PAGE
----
[Note: For additional information, including embedded checks for understanding and teacher directions, refer to the attached Word document at the bottom of this page, which has embedded comments alongside the resource.]
This lesson serves as another introductory lesson to mineral properties, and continues to lead toward mastery in the NGSS Standard MS-ESS2-1, which asks students to: Develop a model to describe the cycling of Earth's materials and the flow of energy that drives this process. As explained in the NGSS standards document, the formation of rocks and minerals is encompassed in the development of a model that "describes the cycling of Earth's materials." Since rocks and minerals are integral components that cycle over time, this lesson directly addresses how scientists go about identifying minerals on and in Earth's surface.
In relation to content, this lesson is fairly vocabulary-intensive, and featured a lot of up-front learning of new words and phrases (some, like luster, they have learned in previous years). After the initial vocabulary section, they get into using Moh's Hardness scale to identify minerals using various mineral samples. Finally, there are some Regents questions for them to practice with before a summative exit ticket for the lesson.
Students enter silently. When the timer is complete, we will go over the answers together (a combination of 'cold calling' and volunteers, usually). Then, a volunteer is asked to read the objective.
After the 'Do Now,' I have students each receive a small sample of halite (a transparent salt crystal). I ask them to examine both their pieces and the larger piece in the front of the room (I have a large, cubic sample) for either cleavage or fracture (halite experiences cubic cleavage). I then ask them to talk for about 30 seconds to discuss any properties that they notice about the mineral. Then, I instruct them to taste it (it has a distinct salty taste), and then ask them to use the back page (16) of their ESRTs to determine what the mineral is. [Note: Under "distinguishing characteristics", it is noted that halite has a "salty taste"]
After this, students take down some notes on physical properties of minerals while I do the same on a document camera at the front of the room. [Note: The attached lesson as a Microsoft Word document has embedded comments with definitions filled in for the guided notes]. After providing the definitions, I ask them to locate the words on the back page (16) of their ESRT(s). [Note: For luster, it helps to provide samples for them to distinguish between metallic and non-metallic luster. I usually pass around a sample of graphite and a sample of calcite as two minerals that clearly exhibit metallic and non-metallic luster, respectively.]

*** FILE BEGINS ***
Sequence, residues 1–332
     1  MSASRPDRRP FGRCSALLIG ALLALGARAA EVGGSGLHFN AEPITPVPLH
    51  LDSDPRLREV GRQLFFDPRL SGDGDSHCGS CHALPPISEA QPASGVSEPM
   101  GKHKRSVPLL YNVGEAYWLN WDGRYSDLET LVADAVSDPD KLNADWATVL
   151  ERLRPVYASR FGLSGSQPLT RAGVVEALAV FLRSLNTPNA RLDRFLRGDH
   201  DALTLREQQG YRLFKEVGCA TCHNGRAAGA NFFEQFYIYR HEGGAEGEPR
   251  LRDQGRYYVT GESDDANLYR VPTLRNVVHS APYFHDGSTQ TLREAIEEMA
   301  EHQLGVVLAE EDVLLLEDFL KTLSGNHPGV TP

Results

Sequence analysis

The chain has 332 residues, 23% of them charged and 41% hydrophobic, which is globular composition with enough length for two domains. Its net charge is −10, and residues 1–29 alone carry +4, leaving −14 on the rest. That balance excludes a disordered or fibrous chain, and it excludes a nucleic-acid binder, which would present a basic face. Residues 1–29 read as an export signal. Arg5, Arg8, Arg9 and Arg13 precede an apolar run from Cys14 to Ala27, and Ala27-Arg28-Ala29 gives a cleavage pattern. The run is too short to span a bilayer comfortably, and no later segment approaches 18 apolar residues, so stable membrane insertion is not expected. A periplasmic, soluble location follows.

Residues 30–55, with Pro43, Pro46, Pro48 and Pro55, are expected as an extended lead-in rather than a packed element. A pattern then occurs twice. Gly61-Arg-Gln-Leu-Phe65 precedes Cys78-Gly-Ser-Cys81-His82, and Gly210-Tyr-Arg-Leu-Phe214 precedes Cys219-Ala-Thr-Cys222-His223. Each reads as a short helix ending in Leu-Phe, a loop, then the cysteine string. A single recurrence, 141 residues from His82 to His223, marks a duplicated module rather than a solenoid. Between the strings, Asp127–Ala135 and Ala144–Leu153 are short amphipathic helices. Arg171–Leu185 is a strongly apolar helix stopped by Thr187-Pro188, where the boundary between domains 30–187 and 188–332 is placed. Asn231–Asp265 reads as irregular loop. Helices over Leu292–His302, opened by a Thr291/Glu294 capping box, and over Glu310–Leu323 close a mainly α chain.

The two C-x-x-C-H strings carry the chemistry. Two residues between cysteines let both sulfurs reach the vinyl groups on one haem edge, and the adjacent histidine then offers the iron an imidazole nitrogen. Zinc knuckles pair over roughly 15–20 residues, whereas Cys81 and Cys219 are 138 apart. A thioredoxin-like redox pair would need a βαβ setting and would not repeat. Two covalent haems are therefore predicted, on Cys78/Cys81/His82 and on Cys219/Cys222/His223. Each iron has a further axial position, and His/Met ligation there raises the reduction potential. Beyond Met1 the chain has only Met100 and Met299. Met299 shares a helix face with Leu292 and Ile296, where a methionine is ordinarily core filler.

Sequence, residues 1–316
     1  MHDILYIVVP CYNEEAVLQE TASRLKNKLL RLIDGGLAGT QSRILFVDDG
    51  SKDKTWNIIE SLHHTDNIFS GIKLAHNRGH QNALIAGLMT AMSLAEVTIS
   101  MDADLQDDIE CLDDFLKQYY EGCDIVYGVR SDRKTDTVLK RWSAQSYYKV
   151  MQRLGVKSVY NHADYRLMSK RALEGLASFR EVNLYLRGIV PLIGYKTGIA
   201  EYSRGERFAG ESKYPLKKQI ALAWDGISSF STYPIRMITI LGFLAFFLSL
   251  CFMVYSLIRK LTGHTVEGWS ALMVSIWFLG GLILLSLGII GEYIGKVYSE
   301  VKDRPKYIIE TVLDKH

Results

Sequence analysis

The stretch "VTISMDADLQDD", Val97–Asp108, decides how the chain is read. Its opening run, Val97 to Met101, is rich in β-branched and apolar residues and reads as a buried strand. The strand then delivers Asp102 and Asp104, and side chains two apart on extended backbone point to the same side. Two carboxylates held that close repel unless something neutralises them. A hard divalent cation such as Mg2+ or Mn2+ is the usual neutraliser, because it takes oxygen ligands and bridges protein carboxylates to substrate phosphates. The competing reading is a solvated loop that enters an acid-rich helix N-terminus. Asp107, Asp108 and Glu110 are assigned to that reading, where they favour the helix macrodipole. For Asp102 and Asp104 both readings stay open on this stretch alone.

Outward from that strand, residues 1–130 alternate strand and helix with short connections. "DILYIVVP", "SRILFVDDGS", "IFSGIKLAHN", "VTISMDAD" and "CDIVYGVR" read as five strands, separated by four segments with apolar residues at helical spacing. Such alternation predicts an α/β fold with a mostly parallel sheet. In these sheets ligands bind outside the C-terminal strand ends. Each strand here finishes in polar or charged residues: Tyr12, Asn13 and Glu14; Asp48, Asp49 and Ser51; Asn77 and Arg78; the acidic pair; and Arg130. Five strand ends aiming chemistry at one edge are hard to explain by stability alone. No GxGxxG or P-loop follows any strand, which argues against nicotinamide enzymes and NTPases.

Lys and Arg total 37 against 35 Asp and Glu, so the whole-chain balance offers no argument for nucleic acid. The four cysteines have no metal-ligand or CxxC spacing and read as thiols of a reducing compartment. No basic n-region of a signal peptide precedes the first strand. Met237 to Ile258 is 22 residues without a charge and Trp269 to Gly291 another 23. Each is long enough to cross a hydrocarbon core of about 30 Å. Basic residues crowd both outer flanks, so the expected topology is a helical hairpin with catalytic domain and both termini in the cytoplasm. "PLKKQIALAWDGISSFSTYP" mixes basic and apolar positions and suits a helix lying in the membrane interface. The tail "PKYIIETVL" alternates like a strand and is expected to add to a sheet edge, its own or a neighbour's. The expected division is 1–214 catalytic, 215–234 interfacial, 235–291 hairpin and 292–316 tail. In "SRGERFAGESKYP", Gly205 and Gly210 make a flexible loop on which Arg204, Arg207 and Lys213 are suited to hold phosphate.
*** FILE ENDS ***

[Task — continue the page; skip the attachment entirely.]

In the next section, students will demonstrate Mohs' Hardness scale with some mineral samples. As indicated in the attached lesson document, a mineral can only be scratched by something with a greater hardness. First, students will be able to test a piece of talc with their fingernail. Then, they'll work with a sample of fluorite, eventually using a nail to scratch it (the idea being that anything with a higher hardness number can scratch anything with a lower hardness number). This is done as a brief preparation for the next lesson's lab, where they will be determining hardness for an unidentified mineral set to help determine which mineral it is.
After the brief demonstrations with talc and fluorite, students write down their response (reference the attached resource) on the handout concerning a piece of feldspar.
After working with mineral hardness and physical properties, we transition back to the last page of the ESRT, and students also get the chance to try their hand at some mineral-focused Regents questions in this section of independent practice. Given that the table itself is relatively straightforward (with clearly delineated columns and rows), and they've had an opportunity to explore it and use it in the earlier section in class, I find that students are already using the chart fluidly by this time - I don't often find a need for more than cursory levels of explicit instruction here [Note: The only two things that need some careful looking at are the columns on luster (as they can be a bit confusing the first time they're looked at, and the element key at the bottom (mostly because students often don't realize it's there)].
In the last section, students are given several minutes to complete the Exit Ticket before it is collectively graded as a class (I usually have students grade their own or "trade and grade" with a seatmate or nearby partner). Then, one or two students are asked some summary questions ("What's the difference between metallic and non-metallic luster?" | "What determines a mineral's physical properties?") before all students are dismissed for the day.